PITTSBURGH – Usually, Steelers cornerback Joe Haden would be sitting at home this time of year.
Haden was not even close to the postseason in the first seven seasons of his career as a first-round draft pick for the Cleveland Browns.
The Browns won 29 games combined while Haden was with the franchise and the 2017-18 group became the second team in the NFL with a 0-16 record. Between 2010 and 2016, during this time of the year, Haden was back home in California, watching other teams play on television.
“I was telling them (to my teammates) that I was watching them play against Patriots last year,” he said. “I was sitting in my chair and I had always been doing that, watching good teams … I had been in off season for two weeks, three weeks, and there were still teams playing football.
“And now other teams are watching me, ‘oh, he’s still playing.’ And I say, ‘Yeah, we’re still here.'”
As Haden prepares for their first preseason game, the Browns, who dropped him in August, have to deal with a parade that some fans are preparing on Saturday as a kind of mockery for their season with a 0-16 mark.
“It is what it is,” Haden said. “I feel like if you’re so miserable as to have a parade for a record of 0-16, have fun.”
“I think it’s rough, they finished with a 0-16 mark, neither the organization nor anyone else is happy with that, I feel that, like the fans, they will not be happy to hold a parade for the 0-16, I think it’s really tough” .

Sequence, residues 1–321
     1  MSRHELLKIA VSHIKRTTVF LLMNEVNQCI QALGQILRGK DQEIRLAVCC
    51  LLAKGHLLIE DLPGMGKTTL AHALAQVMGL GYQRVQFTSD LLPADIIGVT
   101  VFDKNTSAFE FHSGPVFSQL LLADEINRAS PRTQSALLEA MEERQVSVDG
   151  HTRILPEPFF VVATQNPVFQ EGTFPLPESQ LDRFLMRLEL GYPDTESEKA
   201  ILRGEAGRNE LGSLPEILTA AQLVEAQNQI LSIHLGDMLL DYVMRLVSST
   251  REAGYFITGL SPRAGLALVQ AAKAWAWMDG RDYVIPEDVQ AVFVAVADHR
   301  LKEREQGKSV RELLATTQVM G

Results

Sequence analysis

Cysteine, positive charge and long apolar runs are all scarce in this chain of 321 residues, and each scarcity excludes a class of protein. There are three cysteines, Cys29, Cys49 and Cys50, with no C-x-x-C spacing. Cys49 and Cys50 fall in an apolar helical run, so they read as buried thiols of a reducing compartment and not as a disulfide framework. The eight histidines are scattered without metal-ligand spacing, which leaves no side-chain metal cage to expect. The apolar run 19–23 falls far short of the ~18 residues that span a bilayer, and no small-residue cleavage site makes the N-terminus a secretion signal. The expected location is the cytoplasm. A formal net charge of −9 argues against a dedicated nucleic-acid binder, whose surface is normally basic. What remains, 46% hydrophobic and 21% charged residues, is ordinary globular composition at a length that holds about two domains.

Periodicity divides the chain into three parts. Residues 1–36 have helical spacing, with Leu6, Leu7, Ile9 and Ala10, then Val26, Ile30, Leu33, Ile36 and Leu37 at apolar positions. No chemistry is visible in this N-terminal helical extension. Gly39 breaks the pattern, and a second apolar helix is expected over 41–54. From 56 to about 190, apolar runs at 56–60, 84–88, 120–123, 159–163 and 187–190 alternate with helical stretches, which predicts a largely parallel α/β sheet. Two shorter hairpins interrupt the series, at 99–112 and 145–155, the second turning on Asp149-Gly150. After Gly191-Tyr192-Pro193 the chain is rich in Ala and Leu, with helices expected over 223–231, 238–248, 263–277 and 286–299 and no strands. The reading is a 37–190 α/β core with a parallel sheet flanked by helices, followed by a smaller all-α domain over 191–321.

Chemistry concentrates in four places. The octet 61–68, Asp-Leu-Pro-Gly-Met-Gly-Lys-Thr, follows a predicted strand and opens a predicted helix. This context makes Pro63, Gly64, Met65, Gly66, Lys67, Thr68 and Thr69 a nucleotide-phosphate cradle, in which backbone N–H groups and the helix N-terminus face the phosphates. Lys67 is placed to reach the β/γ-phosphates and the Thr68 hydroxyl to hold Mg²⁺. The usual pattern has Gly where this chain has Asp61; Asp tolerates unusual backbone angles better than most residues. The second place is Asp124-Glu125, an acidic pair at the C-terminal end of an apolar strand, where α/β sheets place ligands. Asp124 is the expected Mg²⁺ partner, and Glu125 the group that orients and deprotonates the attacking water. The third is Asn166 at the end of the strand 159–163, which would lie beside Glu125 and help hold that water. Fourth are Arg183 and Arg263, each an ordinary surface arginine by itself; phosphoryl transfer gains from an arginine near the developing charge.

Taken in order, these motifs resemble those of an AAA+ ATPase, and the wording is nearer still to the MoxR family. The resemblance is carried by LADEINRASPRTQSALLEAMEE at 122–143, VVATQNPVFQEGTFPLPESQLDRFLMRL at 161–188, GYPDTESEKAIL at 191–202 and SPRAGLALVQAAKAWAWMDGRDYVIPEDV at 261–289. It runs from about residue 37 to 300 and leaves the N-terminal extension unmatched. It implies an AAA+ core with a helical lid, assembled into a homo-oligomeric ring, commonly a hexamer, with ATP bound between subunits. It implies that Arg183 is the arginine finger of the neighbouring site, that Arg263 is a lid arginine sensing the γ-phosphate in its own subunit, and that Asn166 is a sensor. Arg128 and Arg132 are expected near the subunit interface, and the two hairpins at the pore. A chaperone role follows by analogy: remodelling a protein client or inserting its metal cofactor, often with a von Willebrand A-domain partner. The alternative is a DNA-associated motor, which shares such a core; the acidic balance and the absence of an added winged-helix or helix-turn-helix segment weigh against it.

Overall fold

Haden feels everything, less miserable, after signing with Steelers. He started ten games in the regular season and helped the team achieve a 13-3 record and a first-round bye bye season.
This weekend, Haden will be watching football from his couch again, but this time, with the certainty that there is more game waiting for him.
“It’s weird, because it’s like saying, we’re in the playoffs and we do not even have to play this week, I feel like, ‘what the hell?’ Haden joked.

It is a strange feeling for Haden to know that the misery of a 0-16 season could have been his reality.

“It’s probably very, very hard,” he said, noting that he still watches the Browns games whenever possible. “You always try to see yourself in the mirror and understand what else you could have done, what I could have done better to win a game or two, it’s hard for everyone, it’s hard for the coaching staff, for the players.”
In some way, this new success is strange to him. Haden pointed to 22-year-old cornerback Artie Burns, who has more postseason experience than he has, after playing this instance of the calendar last year as a rookie. But he firmly believes that everything happens for a reason.
“At the time the Browns dropped me, everyone said, ‘Oh, the Browns cut Joe’ and you do not want to see him like that,” Haden said. “I was seeing it as an opportunity to get further in my career somewhere else.
“I did the best I could for seven years, I played really hard, I gave them everything I had, so when I was discharged, the feeling was more to say, ‘Okay, I think you’ll want to go somewhere else’, but it was a blessing to play where I wanted “.


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